Coming from experience in the engineering and science fields, I know that, from a sheer probability point of view, my daughter needs a college degree in a science and an advanced degree if she wants to make it as a scientist. I took a look at all the options available for my older daughter’s high school choices that would land her an entry level job in the sciences. I had to spend some time googling for high schools that might yield a lab job by providing some sort of certificate or license. Here are some choices for me as a parent:
|School||Science||Selective Admission||Licensure Availability||College level ready||Exploration||Tuition (2017-2018)||Geographically feasible|
|Traditional Public School||No specific program, but meets requirement||No||No||Yes||Yes||Property Taxe||Yes|
|Stuart Country Day ( all girls)||STEM program||Yes||No||Yes||Yes||$37,900||Yes|
|Lawrenceville School||Hutchings Scholar Program for science research||Yes||No||Yes||Yes||$52,365||Yes|
|Hun School||STEM Scholars Track||Yes||No||Yes||Yes||$39,900||Yes|
|George School||Cultural focus on inquisitiveness and independent thinking||Yes||No||Yes||Yes||$39,000||Marginal|
|Pennington School||Applied Science Certification Program||Yes||Maybe||Yes||Yes||$38,100||Yes|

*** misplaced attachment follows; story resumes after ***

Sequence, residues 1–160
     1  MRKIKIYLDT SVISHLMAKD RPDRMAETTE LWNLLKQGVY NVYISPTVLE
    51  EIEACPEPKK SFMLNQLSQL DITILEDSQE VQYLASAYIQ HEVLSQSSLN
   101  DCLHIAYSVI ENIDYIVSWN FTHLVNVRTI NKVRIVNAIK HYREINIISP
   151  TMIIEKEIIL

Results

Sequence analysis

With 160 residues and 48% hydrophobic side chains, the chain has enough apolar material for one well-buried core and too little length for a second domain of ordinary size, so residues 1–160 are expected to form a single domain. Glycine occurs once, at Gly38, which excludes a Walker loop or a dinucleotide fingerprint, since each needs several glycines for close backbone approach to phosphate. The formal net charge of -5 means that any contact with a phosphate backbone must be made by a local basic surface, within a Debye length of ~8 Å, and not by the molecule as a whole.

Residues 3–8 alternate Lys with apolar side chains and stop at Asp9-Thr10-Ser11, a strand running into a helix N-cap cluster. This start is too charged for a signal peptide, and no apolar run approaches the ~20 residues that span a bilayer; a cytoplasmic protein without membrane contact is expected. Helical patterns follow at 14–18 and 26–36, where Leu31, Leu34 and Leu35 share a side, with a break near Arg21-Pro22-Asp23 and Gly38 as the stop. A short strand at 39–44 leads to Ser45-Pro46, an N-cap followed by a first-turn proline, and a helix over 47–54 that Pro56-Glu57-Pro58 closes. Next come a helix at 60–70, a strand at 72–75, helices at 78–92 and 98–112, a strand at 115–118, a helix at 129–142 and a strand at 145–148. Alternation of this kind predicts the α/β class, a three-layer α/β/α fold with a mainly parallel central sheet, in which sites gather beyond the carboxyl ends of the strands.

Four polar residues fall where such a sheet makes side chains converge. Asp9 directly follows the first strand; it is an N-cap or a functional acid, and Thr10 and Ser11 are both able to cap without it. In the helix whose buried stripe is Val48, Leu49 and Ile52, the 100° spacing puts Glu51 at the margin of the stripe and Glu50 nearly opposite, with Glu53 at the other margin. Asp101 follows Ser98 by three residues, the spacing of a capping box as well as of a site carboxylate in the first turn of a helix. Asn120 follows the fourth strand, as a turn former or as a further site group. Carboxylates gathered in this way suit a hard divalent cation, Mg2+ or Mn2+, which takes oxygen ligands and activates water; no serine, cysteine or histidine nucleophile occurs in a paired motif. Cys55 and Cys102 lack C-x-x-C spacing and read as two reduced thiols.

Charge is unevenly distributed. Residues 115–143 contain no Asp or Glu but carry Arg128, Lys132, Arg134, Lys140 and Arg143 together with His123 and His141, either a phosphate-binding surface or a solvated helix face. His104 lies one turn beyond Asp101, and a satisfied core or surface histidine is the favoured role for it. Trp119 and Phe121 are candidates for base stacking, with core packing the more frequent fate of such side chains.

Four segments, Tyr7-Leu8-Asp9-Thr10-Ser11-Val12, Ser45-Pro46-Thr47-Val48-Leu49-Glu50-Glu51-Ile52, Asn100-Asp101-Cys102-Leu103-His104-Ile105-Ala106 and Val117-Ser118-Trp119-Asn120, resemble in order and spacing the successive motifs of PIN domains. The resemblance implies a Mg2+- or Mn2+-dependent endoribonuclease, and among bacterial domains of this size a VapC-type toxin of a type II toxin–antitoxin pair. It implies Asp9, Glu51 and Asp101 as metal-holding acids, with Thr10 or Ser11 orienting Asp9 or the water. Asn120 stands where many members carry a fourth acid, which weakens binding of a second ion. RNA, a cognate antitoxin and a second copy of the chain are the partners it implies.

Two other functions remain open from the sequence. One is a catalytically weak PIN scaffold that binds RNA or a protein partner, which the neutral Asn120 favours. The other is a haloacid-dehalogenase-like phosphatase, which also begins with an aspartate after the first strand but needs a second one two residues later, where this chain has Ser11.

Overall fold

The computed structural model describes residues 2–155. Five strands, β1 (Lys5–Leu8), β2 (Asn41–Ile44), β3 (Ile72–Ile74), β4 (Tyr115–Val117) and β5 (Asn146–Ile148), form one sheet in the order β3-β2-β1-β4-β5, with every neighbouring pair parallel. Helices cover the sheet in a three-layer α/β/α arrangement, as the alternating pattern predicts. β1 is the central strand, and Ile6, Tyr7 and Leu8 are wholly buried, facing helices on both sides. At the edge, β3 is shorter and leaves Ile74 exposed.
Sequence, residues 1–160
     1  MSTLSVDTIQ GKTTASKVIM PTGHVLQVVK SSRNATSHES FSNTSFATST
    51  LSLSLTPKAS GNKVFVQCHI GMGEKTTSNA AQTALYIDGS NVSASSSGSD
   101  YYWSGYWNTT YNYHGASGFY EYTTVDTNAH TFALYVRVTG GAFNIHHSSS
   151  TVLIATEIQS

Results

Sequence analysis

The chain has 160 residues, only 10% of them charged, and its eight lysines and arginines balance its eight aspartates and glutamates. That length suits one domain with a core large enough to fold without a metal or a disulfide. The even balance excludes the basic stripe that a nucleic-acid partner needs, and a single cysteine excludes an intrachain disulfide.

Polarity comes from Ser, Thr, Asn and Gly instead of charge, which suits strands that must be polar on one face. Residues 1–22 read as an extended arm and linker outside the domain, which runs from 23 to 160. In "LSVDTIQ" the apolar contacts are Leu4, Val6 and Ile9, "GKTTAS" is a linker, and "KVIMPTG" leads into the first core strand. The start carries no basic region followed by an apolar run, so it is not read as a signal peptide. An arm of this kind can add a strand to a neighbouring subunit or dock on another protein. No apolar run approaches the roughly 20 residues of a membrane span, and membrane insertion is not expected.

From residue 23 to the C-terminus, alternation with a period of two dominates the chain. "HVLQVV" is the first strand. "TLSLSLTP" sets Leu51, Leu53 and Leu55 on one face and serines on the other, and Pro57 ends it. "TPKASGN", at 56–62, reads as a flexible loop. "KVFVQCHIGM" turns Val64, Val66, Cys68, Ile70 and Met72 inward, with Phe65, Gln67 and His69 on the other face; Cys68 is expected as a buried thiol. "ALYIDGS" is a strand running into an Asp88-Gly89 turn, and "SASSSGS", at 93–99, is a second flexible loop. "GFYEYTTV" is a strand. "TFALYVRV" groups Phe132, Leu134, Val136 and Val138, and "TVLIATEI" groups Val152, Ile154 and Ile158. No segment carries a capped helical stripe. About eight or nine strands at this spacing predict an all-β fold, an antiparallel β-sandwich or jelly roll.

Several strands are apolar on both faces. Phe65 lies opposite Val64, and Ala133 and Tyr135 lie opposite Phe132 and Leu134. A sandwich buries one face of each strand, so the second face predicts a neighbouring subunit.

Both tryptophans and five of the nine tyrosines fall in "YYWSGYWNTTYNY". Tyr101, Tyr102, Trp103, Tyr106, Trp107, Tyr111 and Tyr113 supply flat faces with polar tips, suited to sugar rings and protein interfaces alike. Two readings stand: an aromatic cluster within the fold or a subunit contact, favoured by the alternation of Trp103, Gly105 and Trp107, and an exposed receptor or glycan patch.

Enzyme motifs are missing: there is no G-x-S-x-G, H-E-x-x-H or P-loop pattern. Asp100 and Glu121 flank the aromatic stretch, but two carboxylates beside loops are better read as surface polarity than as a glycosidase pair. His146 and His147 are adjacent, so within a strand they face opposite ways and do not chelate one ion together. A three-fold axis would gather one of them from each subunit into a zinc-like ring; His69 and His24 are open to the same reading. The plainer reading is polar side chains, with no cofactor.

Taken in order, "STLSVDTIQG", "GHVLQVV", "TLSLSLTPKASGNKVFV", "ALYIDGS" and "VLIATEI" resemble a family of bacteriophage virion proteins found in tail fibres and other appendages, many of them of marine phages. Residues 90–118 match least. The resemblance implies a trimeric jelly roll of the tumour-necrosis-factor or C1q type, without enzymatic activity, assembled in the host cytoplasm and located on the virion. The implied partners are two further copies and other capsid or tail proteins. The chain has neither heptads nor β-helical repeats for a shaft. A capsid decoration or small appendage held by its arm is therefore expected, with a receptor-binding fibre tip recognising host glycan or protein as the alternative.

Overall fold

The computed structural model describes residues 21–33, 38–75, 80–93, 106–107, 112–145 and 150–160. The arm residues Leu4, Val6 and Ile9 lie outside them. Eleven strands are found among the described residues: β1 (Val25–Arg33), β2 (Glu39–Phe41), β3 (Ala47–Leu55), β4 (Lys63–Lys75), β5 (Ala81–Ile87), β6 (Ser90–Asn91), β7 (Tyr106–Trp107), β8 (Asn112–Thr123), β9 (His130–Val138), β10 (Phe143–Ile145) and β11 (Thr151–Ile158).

|Middlesex County’s Allied Health and Biomedical Science Academy||Science Academy||Only Middlesex County residents will be considered (performance and test based admissions)||Maybe||Yes||Yes||Property taxes||Yes, but requires family to move|
|Middlesex County’s Academy for Science, Mathematics, and Engineering Technologies||Science Academy||Only Middlesex County residents will be considered (performance and test based admissions)||Maybe||Yes||Yes||Property taxes||Yes, but requires family to move|
|Mercer County’s Health Science Academy||Science Academy||Only Mercer County residents will be considered
(interest based admissions)
|Mercer County’s STEM Academy||Science Academy||Only Mercer County residents will be considered
(interest based admissions)